Jar File Hell

by Charles Miller on November 24, 2003

It seems it's impossible, these days, to write a decent-sized Java application without becoming reliant on fifty different library Jar files, culled from various open-source projects.

On one hand, this is great. It's great that Java has such a vibrant culture, and is producing such a large volume of helpful libraries. It's great that if you think "Hey, I'd like to do foo", there's probably a halfway decent free implementation of foo4j waiting for you to download it. Which brings us closer to that whole 'reuse' thing that everyone's been shouting about for years.

It also makes for frustratingly fragile applications.

You've got fifty libraries. Each may depend on, or plug in to some combination of the other libraries. Each has its own bugs (quickly fixed of course), and thus its own release schedule. New releases may change dependencies on other jars. We end up building tools to deal with this complexity, but then the tool just becomes another dependency.

And, of course, each library has its own configuration file. Configuration and properties files swarm over J2EE applications like kudzu, each with its own format, and each resisting to the end any attempt at centralisation or rationalisation. Want to have one big central switch that changes your app over from development to production mode? Well you'll have to script it externally, because the necessary changes are spread across two properties– and three XML files.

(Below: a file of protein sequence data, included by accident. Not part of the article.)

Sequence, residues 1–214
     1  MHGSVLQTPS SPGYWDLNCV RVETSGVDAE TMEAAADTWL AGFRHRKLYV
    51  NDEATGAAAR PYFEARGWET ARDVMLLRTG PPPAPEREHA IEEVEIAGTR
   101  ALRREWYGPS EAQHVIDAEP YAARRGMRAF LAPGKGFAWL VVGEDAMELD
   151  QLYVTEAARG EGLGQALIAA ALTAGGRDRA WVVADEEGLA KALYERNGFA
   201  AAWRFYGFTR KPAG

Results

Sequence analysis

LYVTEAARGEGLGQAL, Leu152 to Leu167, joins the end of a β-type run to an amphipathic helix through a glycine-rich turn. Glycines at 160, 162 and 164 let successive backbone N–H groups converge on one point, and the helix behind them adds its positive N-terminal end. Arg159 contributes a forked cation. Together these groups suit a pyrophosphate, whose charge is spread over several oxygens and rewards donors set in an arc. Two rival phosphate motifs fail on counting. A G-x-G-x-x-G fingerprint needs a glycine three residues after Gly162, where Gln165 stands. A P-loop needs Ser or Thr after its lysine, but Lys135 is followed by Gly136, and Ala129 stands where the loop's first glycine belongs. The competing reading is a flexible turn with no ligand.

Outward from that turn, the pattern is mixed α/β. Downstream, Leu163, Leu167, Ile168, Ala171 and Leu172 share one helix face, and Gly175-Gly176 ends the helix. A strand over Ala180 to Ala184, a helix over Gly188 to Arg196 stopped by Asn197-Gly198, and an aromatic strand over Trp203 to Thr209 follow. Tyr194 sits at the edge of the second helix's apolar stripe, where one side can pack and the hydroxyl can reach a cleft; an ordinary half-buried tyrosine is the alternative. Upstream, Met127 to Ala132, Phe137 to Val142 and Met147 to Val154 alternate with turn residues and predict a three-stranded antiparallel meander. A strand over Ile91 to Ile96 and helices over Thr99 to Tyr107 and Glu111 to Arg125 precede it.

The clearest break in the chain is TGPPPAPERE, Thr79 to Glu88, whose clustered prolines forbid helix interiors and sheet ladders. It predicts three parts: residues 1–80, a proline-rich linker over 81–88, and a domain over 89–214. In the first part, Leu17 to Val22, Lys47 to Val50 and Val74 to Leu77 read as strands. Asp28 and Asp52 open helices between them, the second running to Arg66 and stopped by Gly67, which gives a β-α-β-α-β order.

(And any attempt to provide a standard programmable configurability or configuration discovery mechanism would lead to: seven or eight competing implementations, arguments on the merits of which version of IOC is best for the task, flame-wars about the JCP/Jakarta/the EFnet #java ops, and yet another damn dependency!)

And you (OK, I) end up in situations where B is throwing a NullPointerException where it's being called from A (via the helpfully provided A->B plugin). Is it a bug in A? Is it a bug in B? Is it really a bug in C, the invisible piece of infrastructure that introduced A to B? Is it some missing or malformed piece of vital configuration that neither A, B nor C have warned me is wrong? Hello, several hours of fruitlessly debugging unfamiliar fragments of Other Peoples Code.

It's enough to do your head in.

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